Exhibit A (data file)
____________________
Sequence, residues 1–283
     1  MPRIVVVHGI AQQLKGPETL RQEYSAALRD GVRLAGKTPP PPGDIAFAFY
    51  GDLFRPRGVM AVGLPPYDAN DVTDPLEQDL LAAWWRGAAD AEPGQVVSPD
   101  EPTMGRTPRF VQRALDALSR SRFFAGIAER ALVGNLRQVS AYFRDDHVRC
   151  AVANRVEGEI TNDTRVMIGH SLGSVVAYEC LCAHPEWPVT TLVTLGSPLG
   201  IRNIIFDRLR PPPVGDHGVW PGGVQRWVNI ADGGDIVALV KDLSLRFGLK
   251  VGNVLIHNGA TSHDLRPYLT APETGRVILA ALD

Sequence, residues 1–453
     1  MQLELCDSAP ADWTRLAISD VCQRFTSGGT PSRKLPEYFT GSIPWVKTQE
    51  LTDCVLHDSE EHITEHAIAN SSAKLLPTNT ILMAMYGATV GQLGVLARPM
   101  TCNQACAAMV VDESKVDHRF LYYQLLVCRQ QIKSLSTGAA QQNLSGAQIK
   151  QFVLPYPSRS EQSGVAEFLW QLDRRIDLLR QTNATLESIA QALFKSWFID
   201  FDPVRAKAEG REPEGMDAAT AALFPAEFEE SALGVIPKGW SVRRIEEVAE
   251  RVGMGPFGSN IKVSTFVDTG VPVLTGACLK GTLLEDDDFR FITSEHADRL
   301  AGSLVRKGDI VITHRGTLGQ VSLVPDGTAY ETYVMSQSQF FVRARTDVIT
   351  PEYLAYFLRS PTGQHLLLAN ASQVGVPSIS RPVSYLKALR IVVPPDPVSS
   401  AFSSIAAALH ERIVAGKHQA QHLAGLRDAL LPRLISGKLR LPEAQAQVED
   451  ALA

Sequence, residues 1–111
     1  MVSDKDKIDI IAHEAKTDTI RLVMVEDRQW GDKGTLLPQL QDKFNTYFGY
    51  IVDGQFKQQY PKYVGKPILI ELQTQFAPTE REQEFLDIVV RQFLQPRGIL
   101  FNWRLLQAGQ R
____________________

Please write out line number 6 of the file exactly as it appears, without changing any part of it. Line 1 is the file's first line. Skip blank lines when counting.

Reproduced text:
   201  IRNIIFDRLR PPPVGDHGVW PGGVQRWVNI ADGGDIVALV KDLSLRFGLK